6 U.S. Women’s Open storylines you need to know for Monday’s final round
Sunday at the U.S. Women’s Open left us without a winner, but not for any fault of the leaderboard. Shortly after final-round play began, it ended thanks to a series of storms that dumped rain onto Champions Golf Club and made course conditions untenable.
Hinako Shibuno, the 54-hole leader, remains ahead at four under. Thanks to the early postponement caused by the rain, Shibuno — along with 17 of the remaining 65 golfers — didn’t see the course on Sunday. She’ll remain in the final threesome on Monday.
Here are six storylines to keep your eyes out for when play resumes at 9 a.m. ET on Monday in Houston.
1. Could the delay be ruinous?
Of all the people affected by Sunday’s postponement, Shibuno might be the most irked, and for good reason. The 22-year-old holds a one-stroke lead, and now has another day to grapple with the emotions of contending for her second major. She already slept on the 54-hole lead once, and now she’ll have Sunday to do it again.
2. Could the delay be…a good thing?
You heard the frustration from the golf community when inclement weather led to a replay-filled second-round broadcast. This week, after all, was supposed to be about #WomenWorthWatching, the hashtag created for the event. The Women’s Open represented a massive opportunity for the sport from an entertainment standpoint. This week was women’s golf’s opportunity to air one of its major championships in golf’s center stage with no distractions from the men’s game. In theory, that should help viewership, exposure, and interest. But as the men’s game has learned oh-so-well over the last several months, it’s hard to distract attention away from the NFL.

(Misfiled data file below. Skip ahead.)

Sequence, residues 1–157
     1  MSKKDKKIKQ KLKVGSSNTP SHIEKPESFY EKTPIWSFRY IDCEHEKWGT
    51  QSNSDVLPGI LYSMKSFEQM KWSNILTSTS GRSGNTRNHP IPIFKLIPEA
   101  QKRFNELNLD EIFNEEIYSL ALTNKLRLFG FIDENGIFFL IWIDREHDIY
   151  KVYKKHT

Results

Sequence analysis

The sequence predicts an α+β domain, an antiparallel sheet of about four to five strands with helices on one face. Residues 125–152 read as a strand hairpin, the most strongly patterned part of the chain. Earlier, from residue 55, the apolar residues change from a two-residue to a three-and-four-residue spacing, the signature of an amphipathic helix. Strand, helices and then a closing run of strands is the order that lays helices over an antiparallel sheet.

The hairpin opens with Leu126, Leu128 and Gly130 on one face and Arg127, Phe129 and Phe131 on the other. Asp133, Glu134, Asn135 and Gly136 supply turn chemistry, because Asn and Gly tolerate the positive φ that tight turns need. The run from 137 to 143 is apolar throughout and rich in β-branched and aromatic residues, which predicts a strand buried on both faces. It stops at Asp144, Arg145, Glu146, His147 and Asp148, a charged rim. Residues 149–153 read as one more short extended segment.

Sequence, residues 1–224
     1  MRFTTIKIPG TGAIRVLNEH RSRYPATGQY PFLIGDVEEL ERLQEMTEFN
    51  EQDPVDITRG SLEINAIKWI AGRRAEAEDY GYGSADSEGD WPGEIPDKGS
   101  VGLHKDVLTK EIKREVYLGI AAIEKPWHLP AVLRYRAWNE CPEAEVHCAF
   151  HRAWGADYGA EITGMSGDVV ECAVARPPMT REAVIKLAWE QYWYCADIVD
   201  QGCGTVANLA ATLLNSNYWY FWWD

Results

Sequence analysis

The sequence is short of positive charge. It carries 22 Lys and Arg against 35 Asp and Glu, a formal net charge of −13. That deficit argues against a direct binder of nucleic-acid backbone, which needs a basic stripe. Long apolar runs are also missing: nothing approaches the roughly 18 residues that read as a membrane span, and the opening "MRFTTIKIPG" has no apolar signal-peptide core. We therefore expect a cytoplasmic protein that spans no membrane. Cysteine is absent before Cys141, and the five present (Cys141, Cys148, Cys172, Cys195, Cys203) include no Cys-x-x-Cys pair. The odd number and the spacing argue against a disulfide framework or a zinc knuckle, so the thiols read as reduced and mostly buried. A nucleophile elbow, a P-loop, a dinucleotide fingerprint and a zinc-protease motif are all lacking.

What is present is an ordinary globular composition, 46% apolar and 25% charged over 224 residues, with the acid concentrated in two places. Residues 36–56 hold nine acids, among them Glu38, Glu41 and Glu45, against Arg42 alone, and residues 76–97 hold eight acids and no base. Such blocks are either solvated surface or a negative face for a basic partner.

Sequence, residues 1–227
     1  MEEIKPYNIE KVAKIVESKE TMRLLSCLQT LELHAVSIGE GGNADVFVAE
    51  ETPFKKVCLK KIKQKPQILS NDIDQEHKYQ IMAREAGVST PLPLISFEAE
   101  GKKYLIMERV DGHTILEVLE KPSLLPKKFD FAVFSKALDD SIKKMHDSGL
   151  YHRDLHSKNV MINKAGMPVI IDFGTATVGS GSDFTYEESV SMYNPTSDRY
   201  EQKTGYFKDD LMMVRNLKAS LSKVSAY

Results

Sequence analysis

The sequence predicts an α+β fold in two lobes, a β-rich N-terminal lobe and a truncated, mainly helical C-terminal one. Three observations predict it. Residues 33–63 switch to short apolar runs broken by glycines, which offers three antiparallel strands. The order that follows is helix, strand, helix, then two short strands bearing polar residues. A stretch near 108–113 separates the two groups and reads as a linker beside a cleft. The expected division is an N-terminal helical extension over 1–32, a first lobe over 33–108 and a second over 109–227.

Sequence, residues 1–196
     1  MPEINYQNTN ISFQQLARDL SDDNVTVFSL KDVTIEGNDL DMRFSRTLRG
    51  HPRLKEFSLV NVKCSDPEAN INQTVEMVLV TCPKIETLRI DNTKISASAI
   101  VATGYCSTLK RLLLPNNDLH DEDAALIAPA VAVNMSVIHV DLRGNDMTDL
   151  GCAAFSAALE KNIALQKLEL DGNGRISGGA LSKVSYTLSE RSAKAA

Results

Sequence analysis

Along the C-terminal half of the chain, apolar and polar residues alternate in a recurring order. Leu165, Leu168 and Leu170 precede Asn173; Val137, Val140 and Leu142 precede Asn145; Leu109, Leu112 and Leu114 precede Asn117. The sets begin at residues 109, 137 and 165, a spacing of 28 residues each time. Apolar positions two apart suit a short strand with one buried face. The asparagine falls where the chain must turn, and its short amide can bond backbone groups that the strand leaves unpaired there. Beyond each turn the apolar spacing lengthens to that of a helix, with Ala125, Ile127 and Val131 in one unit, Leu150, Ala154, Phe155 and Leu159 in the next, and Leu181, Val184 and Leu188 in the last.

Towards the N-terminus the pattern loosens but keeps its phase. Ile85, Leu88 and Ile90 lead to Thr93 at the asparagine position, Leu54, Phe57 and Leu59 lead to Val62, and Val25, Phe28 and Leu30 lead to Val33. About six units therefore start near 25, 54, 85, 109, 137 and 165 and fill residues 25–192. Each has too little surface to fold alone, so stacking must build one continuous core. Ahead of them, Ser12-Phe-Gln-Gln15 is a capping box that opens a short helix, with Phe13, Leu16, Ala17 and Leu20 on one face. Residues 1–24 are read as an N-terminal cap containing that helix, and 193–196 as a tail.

On Sunday, the NFL left the Women’s Open fighting for a smaller share of the ratings pie. But on Monday, with no other major sporting events until Monday Night Football, the airwaves are wide open. Could this help bolster viewership? We won’t know until Tuesday, but it’s not hard to see how Sunday’s showers could spring flowery ratings for this year’s broadcast. Coverage begins at 9 a.m. ET on Golf Channel.
What’s a national championship without some good-natured argument about course conditions? This year’s Women’s Open is no different.
Players were fired up coming off the course on Saturday, largely due to soggy, muddy conditions (the USGA decided not to adopt lift-and-replace rules). It led to mudballs, and lots of ’em.
After rains made reservoirs out of the fairways at Champions Golf Club on Sunday, could we see more of the same on Monday?
4. A low-am champ?
A 22-year-old college senior from Austin, Texas, is in contention heading into Monday at the national championship. Kaitlyn Papp has launched herself into the heart of the Women’s Open conversation, and she hasn’t even turned pro. Not half bad for a week in Houston.
Papp, an amateur from the University of Texas, isn’t just the frontrunner to win low-amateur honors, she’s four strokes back of the lead (and one of only nine golfers at even par or better).
5. Spectacular sisters
Of those nine golfers at even par or better, two of them share the same DNA. 2018 Women’s Open champ Ariya Jutanugarn (E) and her sister Moriya (-1) are each in contention heading into the final 18 holes. Ariya is in the hunt for her third major championship while the elder of the two sisters, Moriya, is looking for just her second professional win.
6. An All-American breakthrough
Amy Olson is tied for second heading into Monday looking not just for her first major championship victory, but for her first professional victory. The Oxbow, N.D., native is the best-positioned American to make a run at a U.S. Open on Monday, just one stroke back of the lead at three under.
But while she hasn’t found the winner’s circle often in her professional career, she’s no stranger to big moments. Olson topped Juli Inkster’s record for college victories while she was a student at North Dakota State, and racked up a second-place finish at the ANA Inspiration in 2018. A breakthrough on the national stage to become the first American in four years to win the Women’s Open would be fitting theatre.